How Flour is made – what is in it
The following is an excerpt from the Weston Price website… sent by www.centerIMT.com
Most flour mills bleach their products with either benzoyl peroxide (the active ingredient in acne cremes and hair dyes) or chlorine dioxide, a potent poison also used to bleach paper products and textiles. Some add potassium bromate to artificially strengthen the flour, and in fact commercial bakeries have relied on this “improver” to permit flour to survive the violent and/or brief mixing times used and still create dough structure. Potassium bromate is a recognized carcinogen banned since 1990 in the EU, Japan, Australia, New Zealand and Canada, but in the US the FDA has suggested only a voluntary curb.
In the factory bakery, the mixing of flour with municipal water and other “functional ingredients” can include, but is not restricted to, any of the following:
Soy or canola oil and shortening (GMO), which gives products larger volume, finer cell structure, tender crust and soft texture;
Esters of mono and diglycerides, which act as emulsifiers and anti-staling agents;
Calcium propionate, a mold-inhibitor shown in studies to cause irritability, sleep disturbances and inattention in children, even at very modest intakes;
Sodium stearoyl 2 lactylate, which increases dough absorption, improves mixing tolerance and machinability of dough, accelerates proof time, improves grain and texture, creates crust tenderness and extends shelf life;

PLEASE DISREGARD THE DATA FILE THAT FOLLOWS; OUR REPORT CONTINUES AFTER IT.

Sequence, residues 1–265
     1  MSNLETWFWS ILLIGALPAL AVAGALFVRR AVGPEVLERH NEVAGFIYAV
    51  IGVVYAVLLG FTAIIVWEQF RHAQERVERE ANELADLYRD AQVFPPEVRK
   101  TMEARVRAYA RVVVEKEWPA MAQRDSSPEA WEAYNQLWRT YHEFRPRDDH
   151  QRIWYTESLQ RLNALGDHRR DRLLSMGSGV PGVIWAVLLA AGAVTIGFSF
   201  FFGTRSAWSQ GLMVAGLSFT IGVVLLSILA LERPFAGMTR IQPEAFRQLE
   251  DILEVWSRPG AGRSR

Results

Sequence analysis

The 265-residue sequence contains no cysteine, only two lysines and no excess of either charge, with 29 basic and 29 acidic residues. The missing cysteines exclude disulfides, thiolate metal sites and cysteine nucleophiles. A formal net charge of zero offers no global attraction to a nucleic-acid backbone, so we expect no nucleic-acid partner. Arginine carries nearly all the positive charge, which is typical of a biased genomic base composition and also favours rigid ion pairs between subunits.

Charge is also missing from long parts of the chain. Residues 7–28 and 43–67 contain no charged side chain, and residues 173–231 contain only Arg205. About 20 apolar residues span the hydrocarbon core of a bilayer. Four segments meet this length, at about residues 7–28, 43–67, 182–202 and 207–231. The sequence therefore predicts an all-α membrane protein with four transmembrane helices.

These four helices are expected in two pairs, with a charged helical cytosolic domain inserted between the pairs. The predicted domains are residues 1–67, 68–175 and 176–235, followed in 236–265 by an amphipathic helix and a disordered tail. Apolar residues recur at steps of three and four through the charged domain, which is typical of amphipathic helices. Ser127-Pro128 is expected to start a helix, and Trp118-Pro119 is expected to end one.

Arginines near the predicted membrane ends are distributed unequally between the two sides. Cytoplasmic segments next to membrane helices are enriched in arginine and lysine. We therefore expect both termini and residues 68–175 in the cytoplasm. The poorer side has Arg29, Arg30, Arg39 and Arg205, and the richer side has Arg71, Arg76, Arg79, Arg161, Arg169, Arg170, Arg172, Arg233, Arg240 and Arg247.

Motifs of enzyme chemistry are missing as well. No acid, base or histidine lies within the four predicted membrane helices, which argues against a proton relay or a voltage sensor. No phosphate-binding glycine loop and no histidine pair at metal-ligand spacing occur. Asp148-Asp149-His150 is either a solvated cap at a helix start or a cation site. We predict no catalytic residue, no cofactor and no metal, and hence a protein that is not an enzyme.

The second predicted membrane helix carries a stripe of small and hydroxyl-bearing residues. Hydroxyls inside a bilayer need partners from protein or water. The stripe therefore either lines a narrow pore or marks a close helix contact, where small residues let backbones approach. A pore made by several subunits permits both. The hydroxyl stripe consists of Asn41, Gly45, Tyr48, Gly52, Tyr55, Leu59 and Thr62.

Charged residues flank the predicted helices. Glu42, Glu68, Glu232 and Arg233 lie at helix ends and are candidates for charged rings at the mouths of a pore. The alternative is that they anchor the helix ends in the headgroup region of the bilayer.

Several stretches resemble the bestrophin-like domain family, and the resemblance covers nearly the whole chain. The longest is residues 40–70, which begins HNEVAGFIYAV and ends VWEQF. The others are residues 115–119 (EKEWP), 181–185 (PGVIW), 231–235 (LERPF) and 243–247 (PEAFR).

GM soy flour, goitrogenic and loaded with inhibitors, which creates whiter crumb;
Dextrose, an easily fermentable sugar to feed yeast;
Diacetyl tartaric acid, a chemical leavener;
Azodicarbonamide, a flour oxidizer banned in EU, Canada, Japan, Australia and New Zealand, but permitted in US;
Ammonium chloride, a form of nitrogen used by yeast to build protein;
Gluten–yes more gluten–added for better texture and doughiness;
Starch enzymes and several protein enzymes derived from GM technology to rapidly break down starches to sugars to feed the yeast and to “mellow” the gluten to allow for reduced mechanical mixing times. These enzymes are also engineered to survive baking temperatures and great variations in pH in order to impart anti-staling and softening qualities to the finished products. Enzymes and several of the other “improvers” are not required by law to be listed on ingredient labels, as they are considered to be “consumed” in the baking process, even though residues have been detected and the express purpose of several is to carry their functions through to the baked product and affect its life on the shelf.